That night we went back to the hostel and showered up. We ate at the hostel restaurant that night and met some people who wanted to dive the next day, so we booked a 2 tank dive for the next morning. The hostel had a ping pong table, so of course we had to play some pong for old time’s sake! I owned Frank, by the way. Well, he probably won’t say that...but I did pretty well if I say so myself. Playing ping pong with Frank brought back lots of memories from when we first started dating. He had a ping pong table at his apartment in Wichita Falls and we would play all the time! I remember playing pong with some of his friends and looking over at Frank sitting in the living room on the couch, thinking to myself “I really like that guy!” Haha…good times. It seems like so long ago…just over 5 years now. I think we need a ping pong table at our house…

Around 9 PM the hostel set up a projector in the common areas and everyone that was there (I’d say about 30 or so people) watched Source Code. Then we headed back to the room for the night. Long day - we were tired!

Tuesday, September 27, 2011

Almost time to bust out the cardigans!

It’s fall! I’m so ready for the cooler weather, I can’t believe it’s almost October. I keep waiting for that really hot day to warm our pool up just enough to go swimming one more time, but I don’t think that’s going to happen. It's still pretty warm here, though...mid 80's. I can't wait for the first crisp, cool camping weather :).

This past weekend I went to San Antonio for my friend Cathy’s bachelorette party. We had a lot of fun, catching up with old friends and hanging out…it was like being in college again. It was a pretty low-key weekend, and much needed for all of us, I’m sure. Sometimes it’s just fun to get away and reeeelax. We probably all spent more time at the hotel talking and catching up than we did “going out”. It’s crazy that the next time I see Cathy, she’ll be getting married!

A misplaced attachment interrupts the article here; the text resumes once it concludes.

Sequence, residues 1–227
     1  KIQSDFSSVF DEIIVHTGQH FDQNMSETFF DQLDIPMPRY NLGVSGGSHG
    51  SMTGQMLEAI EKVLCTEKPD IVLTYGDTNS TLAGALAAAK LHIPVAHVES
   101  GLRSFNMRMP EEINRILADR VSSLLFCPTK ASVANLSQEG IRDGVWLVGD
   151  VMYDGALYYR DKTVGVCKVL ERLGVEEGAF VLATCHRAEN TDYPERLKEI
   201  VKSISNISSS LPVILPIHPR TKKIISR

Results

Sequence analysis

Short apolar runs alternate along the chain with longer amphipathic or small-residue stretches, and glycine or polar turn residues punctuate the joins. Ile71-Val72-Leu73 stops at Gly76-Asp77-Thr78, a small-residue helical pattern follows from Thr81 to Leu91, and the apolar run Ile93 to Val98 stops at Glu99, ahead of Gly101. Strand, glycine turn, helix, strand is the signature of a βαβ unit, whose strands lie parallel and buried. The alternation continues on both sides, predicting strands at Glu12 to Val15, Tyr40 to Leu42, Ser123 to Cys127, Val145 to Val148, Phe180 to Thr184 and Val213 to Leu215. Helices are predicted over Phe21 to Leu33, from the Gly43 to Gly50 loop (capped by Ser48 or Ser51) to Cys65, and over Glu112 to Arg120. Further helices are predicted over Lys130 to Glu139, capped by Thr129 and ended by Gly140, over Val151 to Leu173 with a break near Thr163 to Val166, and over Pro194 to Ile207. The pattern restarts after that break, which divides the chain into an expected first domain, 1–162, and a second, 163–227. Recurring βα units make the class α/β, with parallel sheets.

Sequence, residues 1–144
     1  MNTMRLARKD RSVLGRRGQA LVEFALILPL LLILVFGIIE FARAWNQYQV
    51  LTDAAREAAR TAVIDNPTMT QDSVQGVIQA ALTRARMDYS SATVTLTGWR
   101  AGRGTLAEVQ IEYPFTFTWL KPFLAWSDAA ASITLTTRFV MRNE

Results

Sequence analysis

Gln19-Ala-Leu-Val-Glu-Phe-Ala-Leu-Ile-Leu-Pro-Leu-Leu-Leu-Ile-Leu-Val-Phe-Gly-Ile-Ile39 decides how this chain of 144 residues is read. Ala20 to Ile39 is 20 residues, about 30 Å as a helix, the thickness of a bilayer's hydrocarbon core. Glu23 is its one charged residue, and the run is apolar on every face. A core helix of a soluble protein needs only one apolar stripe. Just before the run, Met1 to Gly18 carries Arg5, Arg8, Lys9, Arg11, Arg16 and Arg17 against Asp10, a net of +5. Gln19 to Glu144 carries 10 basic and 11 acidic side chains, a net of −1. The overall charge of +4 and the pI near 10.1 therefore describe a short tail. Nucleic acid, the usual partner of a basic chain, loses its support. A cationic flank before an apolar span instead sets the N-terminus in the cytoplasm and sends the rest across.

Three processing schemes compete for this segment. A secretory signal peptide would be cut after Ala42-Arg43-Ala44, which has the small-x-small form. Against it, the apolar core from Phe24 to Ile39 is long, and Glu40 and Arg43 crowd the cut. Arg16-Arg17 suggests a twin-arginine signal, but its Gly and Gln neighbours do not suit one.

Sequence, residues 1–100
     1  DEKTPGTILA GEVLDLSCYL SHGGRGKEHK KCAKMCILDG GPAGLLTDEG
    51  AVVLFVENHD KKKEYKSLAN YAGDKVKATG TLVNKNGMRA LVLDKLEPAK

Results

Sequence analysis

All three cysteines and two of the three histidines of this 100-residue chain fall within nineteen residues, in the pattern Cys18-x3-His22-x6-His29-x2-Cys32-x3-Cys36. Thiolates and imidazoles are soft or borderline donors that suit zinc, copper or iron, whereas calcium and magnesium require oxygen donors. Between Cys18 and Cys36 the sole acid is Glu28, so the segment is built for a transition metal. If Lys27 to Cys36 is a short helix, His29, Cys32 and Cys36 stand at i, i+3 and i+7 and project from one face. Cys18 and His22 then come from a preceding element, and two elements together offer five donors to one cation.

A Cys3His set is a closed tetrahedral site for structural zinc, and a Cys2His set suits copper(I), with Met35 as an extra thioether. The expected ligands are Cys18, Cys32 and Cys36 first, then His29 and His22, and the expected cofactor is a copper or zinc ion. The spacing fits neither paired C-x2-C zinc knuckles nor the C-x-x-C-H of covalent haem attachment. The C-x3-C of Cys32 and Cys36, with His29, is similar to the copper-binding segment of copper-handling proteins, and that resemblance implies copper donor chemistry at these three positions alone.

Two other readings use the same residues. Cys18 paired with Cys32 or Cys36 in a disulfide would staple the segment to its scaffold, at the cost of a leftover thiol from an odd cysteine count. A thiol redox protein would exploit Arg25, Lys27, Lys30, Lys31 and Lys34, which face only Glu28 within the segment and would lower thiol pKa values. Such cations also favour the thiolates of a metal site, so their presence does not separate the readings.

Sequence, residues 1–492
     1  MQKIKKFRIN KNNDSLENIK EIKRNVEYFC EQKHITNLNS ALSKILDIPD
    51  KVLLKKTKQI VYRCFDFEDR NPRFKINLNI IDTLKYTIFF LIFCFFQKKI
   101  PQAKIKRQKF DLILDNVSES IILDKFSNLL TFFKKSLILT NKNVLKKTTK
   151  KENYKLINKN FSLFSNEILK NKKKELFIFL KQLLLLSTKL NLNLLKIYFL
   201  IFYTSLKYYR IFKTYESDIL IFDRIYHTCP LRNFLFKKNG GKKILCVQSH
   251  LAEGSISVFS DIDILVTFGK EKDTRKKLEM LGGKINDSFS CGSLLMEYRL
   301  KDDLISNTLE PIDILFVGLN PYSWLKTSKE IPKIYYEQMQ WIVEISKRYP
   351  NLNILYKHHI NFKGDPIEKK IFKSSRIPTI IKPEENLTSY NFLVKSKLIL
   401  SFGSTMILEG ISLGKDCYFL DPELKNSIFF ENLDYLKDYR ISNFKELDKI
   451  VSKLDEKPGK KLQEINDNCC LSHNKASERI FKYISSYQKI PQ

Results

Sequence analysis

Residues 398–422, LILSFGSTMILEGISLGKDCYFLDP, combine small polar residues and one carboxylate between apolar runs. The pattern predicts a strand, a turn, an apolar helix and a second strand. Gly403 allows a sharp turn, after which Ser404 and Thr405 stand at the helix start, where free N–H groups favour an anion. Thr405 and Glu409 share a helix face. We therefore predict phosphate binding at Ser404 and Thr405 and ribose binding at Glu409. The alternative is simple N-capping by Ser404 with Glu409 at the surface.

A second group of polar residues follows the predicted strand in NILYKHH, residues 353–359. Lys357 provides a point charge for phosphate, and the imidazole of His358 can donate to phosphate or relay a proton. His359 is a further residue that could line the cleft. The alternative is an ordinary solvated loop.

Frank went to Rapid City, SD to visit one of our friends since I ditched him for the weekend. He did some mountain biking, drove past Mount Rushmore, and then yesterday morning he went to something called Buffalo Roundup – where cowboys move over 1000 buffalo for vaccinations, it’s basically a big stampede.

This weekend we have NO PLANS. Woohoo! It doesn’t seem like those weekends are coming very often anymore. We will probably stick around here and work on the house. I have an idea for the fireplace that involves painting and stencils...and depending on how motivated I am this weekend, I may try and tackle that thing. I also really want to finish the half bath. Now that it’s cooling off, we really need to start working on the house again, seriously! We thought it would be easier to wait until the fall to start working on it again, but I’m beginning to doubt that with holidays coming up, and football season, and all. There’s always an excuse! We just need to commit!

I’ll be posting about the rest of our trip to Costa Rica & Panama soon. I really want to upload a photo album, but for some reason my computer is not cooperating with me! I’ll work on that tonight…maybe.

Sunday, September 18, 2011

Costa Rica & Panama - Part 2

Monday, Sept. 5th: